Hi there: On the surface it looks like that eat() is over- ridden in sub-classes. In fact it is not, as the argument signature is differenct in each sub-class. So method eat(Mammal m) is inherited in the cattle class and it is called by c. Hope this helps Thanks Barkat
Each of your eat() methods has a different argument list, so you are not overriding, you are overloading. Do you realize that each instance method automatically gets a variable called "this", which is a reference to the object that invoked it? You most likely don't really want to have an argument to eat() at all.
Ron Newman - SCJP 1.2 (100%, 7 August 2002)
Joined: May 31, 2002
I am still a bit confused. Isn't 'c' an object of Horse so won't 'c.eat(h)' call 'eat()' on horse ? and in the same vien isn't 'h' an object of horse ? Sorry i am getting a bit confused here Thanx for the help
Hi Soum, The question's a bit tricky. What you said was actually my first answer. At compile-time: h -> Mammal c -> Cattle Runtime: h -> Horse c -> Horse Since Java knows h to be an instance of Mammal at compile-time, no matter what the class of the object it holds at runtime, the method eat(Mammal) will be called. Also, note that c, being declared as of class Cattle, cannot call eat(Horse). This is because the methods are overloaded, not overriden.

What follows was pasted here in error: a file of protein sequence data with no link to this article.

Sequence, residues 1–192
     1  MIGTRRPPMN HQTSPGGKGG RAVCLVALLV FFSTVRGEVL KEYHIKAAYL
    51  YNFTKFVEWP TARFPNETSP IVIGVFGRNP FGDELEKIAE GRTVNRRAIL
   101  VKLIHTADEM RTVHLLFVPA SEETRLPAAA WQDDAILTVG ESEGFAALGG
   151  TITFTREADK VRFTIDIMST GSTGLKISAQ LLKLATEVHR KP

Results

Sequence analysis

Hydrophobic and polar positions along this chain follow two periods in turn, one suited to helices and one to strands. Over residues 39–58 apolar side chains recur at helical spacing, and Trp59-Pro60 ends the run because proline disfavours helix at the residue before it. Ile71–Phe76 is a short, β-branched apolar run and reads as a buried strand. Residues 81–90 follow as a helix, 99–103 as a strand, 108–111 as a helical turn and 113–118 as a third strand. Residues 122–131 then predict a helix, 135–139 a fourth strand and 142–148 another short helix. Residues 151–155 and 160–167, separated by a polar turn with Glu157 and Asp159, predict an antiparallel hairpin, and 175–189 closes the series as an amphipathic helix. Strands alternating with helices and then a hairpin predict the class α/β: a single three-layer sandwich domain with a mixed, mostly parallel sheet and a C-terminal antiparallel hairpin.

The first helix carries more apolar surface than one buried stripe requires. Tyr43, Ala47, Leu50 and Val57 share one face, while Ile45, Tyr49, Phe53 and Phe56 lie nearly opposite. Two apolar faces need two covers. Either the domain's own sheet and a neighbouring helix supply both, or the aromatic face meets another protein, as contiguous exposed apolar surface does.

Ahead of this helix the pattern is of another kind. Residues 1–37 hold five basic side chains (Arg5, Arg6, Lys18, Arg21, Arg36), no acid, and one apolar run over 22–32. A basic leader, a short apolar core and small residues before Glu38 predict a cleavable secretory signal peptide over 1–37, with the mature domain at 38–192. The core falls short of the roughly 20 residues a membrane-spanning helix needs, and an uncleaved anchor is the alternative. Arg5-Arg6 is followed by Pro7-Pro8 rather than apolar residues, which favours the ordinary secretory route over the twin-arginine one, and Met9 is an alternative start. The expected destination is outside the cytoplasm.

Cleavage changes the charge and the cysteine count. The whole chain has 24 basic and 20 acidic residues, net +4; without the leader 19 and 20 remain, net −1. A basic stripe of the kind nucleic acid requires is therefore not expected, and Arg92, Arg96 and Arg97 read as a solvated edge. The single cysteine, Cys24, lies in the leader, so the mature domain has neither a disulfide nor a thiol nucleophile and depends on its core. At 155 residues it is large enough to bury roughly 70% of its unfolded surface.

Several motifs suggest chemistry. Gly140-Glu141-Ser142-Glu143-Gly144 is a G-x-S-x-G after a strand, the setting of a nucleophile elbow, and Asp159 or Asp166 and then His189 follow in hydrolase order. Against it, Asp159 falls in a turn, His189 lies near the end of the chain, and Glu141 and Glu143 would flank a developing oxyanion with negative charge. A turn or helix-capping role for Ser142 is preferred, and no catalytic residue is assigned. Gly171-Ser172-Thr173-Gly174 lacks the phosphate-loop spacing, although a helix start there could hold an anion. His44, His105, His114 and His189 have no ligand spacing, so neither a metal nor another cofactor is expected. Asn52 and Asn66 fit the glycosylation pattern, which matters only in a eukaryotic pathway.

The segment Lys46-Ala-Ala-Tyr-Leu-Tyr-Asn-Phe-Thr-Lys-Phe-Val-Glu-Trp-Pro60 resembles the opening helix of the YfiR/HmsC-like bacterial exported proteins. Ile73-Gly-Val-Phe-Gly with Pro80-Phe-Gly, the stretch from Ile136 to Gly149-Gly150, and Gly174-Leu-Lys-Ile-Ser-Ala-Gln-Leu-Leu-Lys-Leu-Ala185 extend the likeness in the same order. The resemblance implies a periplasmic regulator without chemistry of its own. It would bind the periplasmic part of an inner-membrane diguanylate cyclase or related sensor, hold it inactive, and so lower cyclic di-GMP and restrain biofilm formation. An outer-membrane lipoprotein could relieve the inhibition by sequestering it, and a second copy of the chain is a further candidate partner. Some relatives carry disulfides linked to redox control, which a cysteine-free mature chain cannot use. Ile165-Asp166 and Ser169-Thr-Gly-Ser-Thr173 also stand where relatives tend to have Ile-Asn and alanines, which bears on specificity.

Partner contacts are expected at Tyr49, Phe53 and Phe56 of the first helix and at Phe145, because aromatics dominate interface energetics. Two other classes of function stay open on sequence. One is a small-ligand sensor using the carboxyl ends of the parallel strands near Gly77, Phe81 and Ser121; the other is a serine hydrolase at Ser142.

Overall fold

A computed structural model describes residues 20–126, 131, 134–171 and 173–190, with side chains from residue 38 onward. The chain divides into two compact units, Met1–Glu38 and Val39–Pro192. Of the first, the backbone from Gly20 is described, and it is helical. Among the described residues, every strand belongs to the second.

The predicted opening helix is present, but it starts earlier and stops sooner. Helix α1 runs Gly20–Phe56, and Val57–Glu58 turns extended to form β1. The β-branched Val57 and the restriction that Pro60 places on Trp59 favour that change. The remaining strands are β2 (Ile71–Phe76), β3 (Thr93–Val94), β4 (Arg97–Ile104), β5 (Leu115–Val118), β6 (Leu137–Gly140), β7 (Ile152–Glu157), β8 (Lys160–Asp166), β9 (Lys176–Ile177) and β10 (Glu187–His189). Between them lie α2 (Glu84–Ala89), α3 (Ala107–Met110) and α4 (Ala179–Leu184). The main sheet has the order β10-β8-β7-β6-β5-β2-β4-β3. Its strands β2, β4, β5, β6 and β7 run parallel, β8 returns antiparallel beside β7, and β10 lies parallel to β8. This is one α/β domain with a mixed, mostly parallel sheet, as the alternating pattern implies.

Joined: Aug 05, 2002
Hi Soum: Let us take from beginning. Method eat(Mammal M) is NOT over-ridden by Method eat(Cattle c) because eat(Mammal M) has different argument than eat(Cattle c). Therefore, eat(Mammal M) is inheritated in sub-class Cattle. Same is the story between eat(Cattle c) and eat(Horse h). Ultimately, eat(Mammal M) is inherited in Horse class. Now c.eat(H) is called. Note that H is of Mammale type but holds Horse object. Because we are passing Mammale type parameter, the inherited eat(Mammal M) in c object is invoked. Hence, it prints what it prints... [ August 19, 2002: Message edited by: Barkat Mardhani ]